Confession time: I am kind of an obsessive maniac. Moderation is not a word in my dictionary, or at least not one I make use of very often. Because of this, when I was younger I spent far too much time playing video games in marathon sessions or reading novels late into the night. On the flippity-flop (please remind me to start using this word from now on), today it is part of what makes me a high academic achiever in the university world.
Stopping at this point sounds well and fine, having described a relatively carefree and fun childhood and promises for a future career, but nobody is without his or her quirks. The problem with this obsessive mindset is, if you hadn’t guessed, the resulting neuroticism that accompanies it. While I may be completing my academics beyond the point of mediocrity, being the leader of numerous group projects and so forth, I end up holing myself in my room for hours, chugging away at papers after papers and studying for exam after exam.
This often has a toll on my leisure habits and social life, which makes it no surprise that the my senior year has marked the least amount of leisure time and purely interest-driven anime viewing since I first became a fan of Japanese media and culture.
And it’s in situations like these that I’m often reminded of how wonderful it is to be forced into social situations I might not otherwise choose myself.
It’s no secret that humans are inherently social creatures. From the scientific perspective, psychologists and biologists agree. Even from the purely biblical perspective, the Genesis account of the creation story, taken for its symbolic importance regardless of literal truth, states, “It’s not good for the Man to be alone” (Genesis 2:18, The Message), and much of the New Testament is devoted to empowering the Church, which is effectively a social body of believers in Christ.
As the obsessive maniac that I am, once I become absorbed in a lengthy project, I am no longer alive to the world. While this is sustainable for short periods of time, I can say from experience that the need to interact with others doesn’t disappear in these times; it is merely hidden temporarily. So while living in a small room of three guys for three quarters of the year was never my ideal housing situation, I’ve discovered it to be an enormous growing experience.
Enter my roommate.
As I’ve been building stress, no doubt boring ulcers into my stomach, over my mountain of senior projects, papers, and exams, I’ve often forgotten how to have mindless, bond-building fun. So when my roommate, one day, recommended we watch an episode of a strange-looking anime called Himouto! Umaru-chan, I was a bit skeptical. If you’ve ever checked out our Beneath the Tangles season reviews, you know that Kaze and I have an affinity for underrating anime (though I think perhaps my ratings have been rising slowly across the meta). Needless to say, I was similarly prepared to be grossly underwhelmed.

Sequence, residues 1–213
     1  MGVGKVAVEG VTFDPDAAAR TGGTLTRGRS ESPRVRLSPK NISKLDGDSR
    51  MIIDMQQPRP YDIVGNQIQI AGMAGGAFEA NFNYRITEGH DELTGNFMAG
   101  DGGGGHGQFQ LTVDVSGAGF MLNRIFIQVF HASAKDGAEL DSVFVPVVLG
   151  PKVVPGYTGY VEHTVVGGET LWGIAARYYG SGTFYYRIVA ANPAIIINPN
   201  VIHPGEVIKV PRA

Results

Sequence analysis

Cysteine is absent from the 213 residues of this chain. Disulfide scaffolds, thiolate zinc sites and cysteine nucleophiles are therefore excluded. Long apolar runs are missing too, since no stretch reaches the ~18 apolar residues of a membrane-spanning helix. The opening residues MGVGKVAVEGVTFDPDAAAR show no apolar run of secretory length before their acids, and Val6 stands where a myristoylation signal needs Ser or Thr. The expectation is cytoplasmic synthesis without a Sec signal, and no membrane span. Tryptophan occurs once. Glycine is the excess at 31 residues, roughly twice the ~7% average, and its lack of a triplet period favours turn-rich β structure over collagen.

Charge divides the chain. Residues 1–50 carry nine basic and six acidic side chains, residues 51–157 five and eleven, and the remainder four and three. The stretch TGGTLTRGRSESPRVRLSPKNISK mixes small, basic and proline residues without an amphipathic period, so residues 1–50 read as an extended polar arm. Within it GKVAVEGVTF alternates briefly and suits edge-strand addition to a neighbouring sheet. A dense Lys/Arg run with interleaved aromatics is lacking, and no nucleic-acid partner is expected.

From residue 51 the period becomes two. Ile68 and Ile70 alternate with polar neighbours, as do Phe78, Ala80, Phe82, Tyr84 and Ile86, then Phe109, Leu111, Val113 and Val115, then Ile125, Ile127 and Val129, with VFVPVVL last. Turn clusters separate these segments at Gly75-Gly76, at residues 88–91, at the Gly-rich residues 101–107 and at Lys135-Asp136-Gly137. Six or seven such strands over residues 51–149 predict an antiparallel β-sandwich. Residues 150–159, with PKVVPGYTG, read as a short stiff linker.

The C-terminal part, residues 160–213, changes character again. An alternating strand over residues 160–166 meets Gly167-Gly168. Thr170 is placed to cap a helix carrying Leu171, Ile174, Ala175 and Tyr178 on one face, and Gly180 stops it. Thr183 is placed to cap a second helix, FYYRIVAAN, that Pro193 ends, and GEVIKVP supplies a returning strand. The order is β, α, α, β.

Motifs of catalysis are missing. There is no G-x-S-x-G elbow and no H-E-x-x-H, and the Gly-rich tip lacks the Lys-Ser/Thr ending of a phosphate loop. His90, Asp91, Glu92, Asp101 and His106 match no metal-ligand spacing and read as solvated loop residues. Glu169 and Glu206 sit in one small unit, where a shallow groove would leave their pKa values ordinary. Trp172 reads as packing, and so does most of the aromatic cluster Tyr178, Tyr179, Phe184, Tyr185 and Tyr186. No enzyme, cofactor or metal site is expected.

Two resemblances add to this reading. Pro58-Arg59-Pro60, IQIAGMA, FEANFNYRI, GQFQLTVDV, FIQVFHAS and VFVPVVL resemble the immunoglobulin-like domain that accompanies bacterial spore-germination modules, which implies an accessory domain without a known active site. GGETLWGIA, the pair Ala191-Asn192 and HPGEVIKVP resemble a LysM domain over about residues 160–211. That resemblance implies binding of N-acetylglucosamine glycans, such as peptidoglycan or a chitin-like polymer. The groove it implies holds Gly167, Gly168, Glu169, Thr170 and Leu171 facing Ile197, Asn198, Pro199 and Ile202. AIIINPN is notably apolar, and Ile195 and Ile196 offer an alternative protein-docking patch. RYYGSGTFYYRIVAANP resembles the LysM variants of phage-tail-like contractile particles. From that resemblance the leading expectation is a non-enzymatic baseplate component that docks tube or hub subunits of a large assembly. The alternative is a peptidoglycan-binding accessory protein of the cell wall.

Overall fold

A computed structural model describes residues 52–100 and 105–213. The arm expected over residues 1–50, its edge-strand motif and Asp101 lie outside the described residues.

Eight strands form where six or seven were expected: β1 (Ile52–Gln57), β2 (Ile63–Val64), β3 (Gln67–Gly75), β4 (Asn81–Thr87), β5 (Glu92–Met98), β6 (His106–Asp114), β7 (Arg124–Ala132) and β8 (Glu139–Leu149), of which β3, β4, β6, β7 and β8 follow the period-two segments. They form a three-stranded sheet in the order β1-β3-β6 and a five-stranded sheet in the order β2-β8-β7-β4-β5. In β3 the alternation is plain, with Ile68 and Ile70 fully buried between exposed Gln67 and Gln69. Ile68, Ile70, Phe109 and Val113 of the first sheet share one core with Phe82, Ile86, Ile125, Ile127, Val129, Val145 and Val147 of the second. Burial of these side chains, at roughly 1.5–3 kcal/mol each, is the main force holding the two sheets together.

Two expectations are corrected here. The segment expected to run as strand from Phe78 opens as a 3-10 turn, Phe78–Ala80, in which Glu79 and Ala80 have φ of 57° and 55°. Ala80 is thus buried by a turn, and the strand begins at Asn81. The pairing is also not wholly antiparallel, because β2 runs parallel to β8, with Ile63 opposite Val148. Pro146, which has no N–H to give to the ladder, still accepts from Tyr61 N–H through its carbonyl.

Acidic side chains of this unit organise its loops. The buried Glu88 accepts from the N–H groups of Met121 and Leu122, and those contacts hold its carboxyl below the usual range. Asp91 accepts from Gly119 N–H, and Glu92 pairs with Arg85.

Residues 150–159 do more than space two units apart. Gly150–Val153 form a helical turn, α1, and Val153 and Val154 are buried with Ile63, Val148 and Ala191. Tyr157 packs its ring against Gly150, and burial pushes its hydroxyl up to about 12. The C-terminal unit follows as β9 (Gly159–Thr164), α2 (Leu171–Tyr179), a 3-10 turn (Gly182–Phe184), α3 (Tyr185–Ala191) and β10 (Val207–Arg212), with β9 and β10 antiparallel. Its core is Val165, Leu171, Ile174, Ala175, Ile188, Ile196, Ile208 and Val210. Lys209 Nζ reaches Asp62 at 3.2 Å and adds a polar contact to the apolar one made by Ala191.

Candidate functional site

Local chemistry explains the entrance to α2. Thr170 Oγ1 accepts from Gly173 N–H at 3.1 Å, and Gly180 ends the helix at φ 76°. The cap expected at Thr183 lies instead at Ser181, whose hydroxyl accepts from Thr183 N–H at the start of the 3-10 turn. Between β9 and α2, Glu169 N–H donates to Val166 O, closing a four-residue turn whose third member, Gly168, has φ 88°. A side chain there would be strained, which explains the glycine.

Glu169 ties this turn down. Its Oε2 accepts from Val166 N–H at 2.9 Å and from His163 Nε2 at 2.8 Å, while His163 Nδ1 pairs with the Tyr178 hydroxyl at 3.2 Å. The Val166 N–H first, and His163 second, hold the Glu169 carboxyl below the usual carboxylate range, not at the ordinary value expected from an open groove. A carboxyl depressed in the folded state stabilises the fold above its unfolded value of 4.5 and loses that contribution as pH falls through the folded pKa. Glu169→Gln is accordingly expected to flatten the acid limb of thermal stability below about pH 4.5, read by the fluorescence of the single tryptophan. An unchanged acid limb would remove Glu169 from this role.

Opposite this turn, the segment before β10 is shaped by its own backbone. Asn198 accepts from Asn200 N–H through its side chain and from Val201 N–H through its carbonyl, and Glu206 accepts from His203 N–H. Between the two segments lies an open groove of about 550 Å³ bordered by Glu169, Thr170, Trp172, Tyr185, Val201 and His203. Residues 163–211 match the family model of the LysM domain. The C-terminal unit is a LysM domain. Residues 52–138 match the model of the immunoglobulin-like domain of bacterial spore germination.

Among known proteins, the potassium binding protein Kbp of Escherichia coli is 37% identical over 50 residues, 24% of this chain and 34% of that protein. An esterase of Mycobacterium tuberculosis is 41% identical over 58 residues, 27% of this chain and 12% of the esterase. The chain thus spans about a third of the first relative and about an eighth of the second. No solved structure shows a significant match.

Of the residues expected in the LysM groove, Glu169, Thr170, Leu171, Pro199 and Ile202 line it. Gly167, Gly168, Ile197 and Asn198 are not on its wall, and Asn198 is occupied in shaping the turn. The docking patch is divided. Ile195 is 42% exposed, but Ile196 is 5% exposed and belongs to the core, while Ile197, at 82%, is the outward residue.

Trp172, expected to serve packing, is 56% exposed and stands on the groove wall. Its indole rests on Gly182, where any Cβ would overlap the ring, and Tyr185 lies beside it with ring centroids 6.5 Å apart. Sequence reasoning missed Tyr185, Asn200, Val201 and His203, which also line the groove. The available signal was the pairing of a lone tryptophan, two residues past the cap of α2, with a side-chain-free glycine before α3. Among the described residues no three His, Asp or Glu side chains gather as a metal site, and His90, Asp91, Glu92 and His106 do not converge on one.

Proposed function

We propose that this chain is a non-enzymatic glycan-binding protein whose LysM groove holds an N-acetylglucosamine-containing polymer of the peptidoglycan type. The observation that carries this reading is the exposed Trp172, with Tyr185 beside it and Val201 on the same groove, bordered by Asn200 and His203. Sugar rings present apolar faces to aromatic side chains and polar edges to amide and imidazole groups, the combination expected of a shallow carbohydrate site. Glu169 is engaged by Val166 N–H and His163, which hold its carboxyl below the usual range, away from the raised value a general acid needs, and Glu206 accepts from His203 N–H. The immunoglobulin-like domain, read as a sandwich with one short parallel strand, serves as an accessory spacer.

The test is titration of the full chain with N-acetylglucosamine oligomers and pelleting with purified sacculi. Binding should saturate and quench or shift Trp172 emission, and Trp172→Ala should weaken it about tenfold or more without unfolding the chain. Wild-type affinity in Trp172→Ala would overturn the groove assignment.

However, against my better judgment, I relented and we watched the first episode together. And what would you know…
It wasn’t very good.
Yet, something about the experience of a friend having shared something with me and then having consumed it together inspired something not quite tangible in the experience. Two days later I asked if we could watch episode two.
And then episode three.
I slowly found myself enjoying this show I thought was beneath me more and more with each and every episode until we finally caught up and have now been watching each episode as it airs. For whatever the reason, Himouto! Umaru-chan made the leap from “social obligation” to “happily anticipated weekly event.” As a biased human being, I cannot say for sure if the show improved over the season, if extended exposure subjected me to a minor case of Stockholm Syndrome, or if my subconscious simply enjoys spending time with my roommate (probably a mixture of the three, and perhaps more), but one thing is certain:
This wonderful time of my week, where I can reset, recharge, and then slip back into serious, academic mode, was all thanks to interactions my rooming situation has forced upon me. But not only has it served as a fun event to look forward to, it has also reminded me of the value of human relationships.
If you claim yourself to be an introvert or an extravert, it doesn’t really matter. Everyone needs someone (why do you think Tom Hanks’ character in Castaway created Wilson?). Whether or not you are the roommate offering to spend time, or the friend kindly accepting the offer, maybe you should give it a bit more of your attention.
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